For now students are awaiting further communication regarding a return to Stellenbosch and continue to log on ahead of SU’s first set of online exams.

Professor Adam Habib (Vice-Chancellor and Principal of the University of the Witwatersrand), Professor William Bayezo (Deputy Vice-Chancellor: Finance and Administration at Uganda’s Makerere University), Professor Azizo El Lozy (Associate Provost: Transformative Learning and Teaching at The American University in Cairo) and Professor M.S. Abdulkadir (Secretary General at the Association of West Africa’s Universities) panelled a Zoom webinar on 17 May, moderated by Professor Ahmed Bawa (Chief Executive Officer of Universities SA) to discuss the implications of COVID-19 on the future of higher education in Africa.

“We had our teething problems,” Prof Bawa confessed with regards to the challenges faced by online learning, including the overloading of online-portals and resources. SU’s SUNLearn system was upgraded over the weekend of 1 May and is now capable of dealing with the volume of users due to the lockdown.

“It’s not really online to be honest, it’s really emergency remote learning.”

This statement by Prof Habib summarised the state of the country regarding online learning and addressed how both faculties and students are currently ill-prepared for a permanent conversion to online learning.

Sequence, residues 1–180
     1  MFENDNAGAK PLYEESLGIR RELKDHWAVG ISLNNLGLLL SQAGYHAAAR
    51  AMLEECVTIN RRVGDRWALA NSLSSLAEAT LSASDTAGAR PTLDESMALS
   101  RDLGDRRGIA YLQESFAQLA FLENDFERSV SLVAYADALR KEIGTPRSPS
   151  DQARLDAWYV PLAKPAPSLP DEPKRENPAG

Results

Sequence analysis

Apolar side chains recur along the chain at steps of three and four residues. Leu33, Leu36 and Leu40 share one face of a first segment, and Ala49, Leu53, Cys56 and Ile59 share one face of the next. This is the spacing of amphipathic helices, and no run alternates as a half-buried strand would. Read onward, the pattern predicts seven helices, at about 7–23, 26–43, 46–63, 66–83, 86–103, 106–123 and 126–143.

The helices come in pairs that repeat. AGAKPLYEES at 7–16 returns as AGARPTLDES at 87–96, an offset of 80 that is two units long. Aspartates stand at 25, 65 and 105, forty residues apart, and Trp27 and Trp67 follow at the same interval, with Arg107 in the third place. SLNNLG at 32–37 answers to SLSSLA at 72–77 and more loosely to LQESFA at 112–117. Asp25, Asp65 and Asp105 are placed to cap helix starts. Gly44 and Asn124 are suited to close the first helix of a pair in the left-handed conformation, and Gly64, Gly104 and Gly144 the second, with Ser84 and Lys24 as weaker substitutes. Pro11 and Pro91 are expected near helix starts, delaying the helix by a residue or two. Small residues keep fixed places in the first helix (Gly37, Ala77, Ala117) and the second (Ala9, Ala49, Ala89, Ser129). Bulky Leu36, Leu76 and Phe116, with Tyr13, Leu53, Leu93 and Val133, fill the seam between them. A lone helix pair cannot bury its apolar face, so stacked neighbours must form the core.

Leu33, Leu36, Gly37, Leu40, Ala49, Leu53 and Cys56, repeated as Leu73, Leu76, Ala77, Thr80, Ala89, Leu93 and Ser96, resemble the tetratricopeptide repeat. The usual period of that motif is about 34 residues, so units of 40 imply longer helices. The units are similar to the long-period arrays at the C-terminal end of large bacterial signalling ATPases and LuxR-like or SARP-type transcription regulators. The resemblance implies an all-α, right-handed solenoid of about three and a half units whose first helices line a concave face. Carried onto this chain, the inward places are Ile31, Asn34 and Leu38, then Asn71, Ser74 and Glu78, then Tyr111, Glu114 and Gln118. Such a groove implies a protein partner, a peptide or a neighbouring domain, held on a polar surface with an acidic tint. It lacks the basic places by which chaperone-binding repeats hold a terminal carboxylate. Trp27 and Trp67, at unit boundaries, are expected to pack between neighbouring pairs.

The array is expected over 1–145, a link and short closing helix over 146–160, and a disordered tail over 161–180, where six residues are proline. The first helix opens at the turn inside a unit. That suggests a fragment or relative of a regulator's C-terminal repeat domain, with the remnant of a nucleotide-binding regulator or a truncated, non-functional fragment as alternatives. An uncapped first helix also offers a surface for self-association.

All four panellists addressed the inevitable emergence of a new “blended” approach to tertiary education, where students will simultaneously participate in both contact and online classes across the board. This evolution in the tertiary education system offers a relief on the financial burden that COVID-19 has placed on tertiary institutions, by allowing for a greater influx of students without a need for an increase in infrastructure. It also ushers in the urgency of forums and resources where faculty members can prepare and convert lecture materials, as well as monitor online activity in order to ensure the credibility of online assessments.

Dr El Lozy said that programmes where such activity could be monitored during online assessments are currently being configured to ensure credibility for degrees obtained during the period of online learning. Prof Bayezo ensured that the pandemic and abrupt conversion to online learning will not affect the credibility nor weight that degrees carry.

Along with the prediction of a new blended learning approach, Dr Habib and Prof El Lozy both concluded by foreshadowing a phased reintroduction to contact classes, not only to ensure a minimal spread of the virus but also to allow for the preparation of the different faculties. Elaborating on this strategy it was detailed that final year students, fine arts students and those students who required laboratory-based disciplines to complete their degrees would be among the second wave, the first being final year medical students, to be phased back to campuses. For access to the recording of the webinar click here.